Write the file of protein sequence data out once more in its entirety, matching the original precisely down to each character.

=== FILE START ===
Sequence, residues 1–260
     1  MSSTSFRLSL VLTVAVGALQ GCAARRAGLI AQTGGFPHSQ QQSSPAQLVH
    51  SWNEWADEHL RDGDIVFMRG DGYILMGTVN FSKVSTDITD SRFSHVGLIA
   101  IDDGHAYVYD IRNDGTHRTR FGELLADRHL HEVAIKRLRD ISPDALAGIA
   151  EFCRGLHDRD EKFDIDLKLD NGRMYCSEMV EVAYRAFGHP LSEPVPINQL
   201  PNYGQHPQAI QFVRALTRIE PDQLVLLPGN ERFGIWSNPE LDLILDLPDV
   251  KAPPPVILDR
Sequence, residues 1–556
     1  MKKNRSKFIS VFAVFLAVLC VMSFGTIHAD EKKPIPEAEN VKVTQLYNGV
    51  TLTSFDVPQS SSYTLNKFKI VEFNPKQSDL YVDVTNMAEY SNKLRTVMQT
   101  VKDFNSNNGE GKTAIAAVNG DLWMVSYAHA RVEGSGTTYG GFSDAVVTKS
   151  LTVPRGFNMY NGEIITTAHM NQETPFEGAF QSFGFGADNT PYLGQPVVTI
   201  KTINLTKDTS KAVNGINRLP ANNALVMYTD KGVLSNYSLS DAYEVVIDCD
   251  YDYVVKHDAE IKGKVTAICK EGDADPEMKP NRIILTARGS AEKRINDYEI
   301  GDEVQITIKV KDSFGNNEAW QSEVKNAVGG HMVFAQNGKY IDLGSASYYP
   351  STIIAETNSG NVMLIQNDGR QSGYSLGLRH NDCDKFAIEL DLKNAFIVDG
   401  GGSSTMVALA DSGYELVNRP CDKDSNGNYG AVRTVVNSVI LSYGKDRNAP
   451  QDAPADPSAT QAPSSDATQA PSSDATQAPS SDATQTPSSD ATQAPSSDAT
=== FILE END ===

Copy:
Sequence, residues 1–260
     1  MSSTSFRLSL VLTVAVGALQ GCAARRAGLI AQTGGFPHSQ QQSSPAQLVH
    51  SWNEWADEHL RDGDIVFMRG DGYILMGTVN FSKVSTDITD SRFSHVGLIA
   101  IDDGHAYVYD IRNDGTHRTR FGELLADRHL HEVAIKRLRD ISPDALAGIA
   151  EFCRGLHDRD EKFDIDLKLD NGRMYCSEMV EVAYRAFGHP LSEPVPINQL
   201  PNYGQHPQAI QFVRALTRIE PDQLVLLPGN ERFGIWSNPE LDLILDLPDV
   251  KAPPPVILDR
Sequence, residues 1–556
     1  MKKNRSKFIS VFAVFLAVLC VMSFGTIHAD EKKPIPEAEN VKVTQLYNGV
    51  TLTSFDVPQS SSYTLNKFKI VEFNPKQSDL YVDVTNMAEY SNKLRTVMQT
   101  VKDFNSNNGE GKTAIAAVNG DLWMVSYAHA RVEGSGTTYG GFSDAVVTKS
   151  LTVPRGFNMY NGEIITTAHM NQETPFEGAF QSFGFGADNT PYLGQPVVTI
   201  KTINLTKDTS KAVNGINRLP ANNALVMYTD KGVLSNYSLS DAYEVVIDCD
   251  YDYVVKHDAE IKGKVTAICK EGDADPEMKP NRIILTARGS AEKRINDYEI
   301  GDEVQITIKV KDSFGNNEAW QSEVKNAVGG HMVFAQNGKY IDLGSASYYP
   351  STIIAETNSG NVMLIQNDGR QSGYSLGLRH NDCDKFAIEL DLKNAFIVDG
   401  GGSSTMVALA DSGYELVNRP CDKDSNGNYG AVRTVVNSVI LSYGKDRNAP
   451  QDAPADPSAT QAPSSDATQA PSSDATQAPS SDATQTPSSD ATQAPSSDAT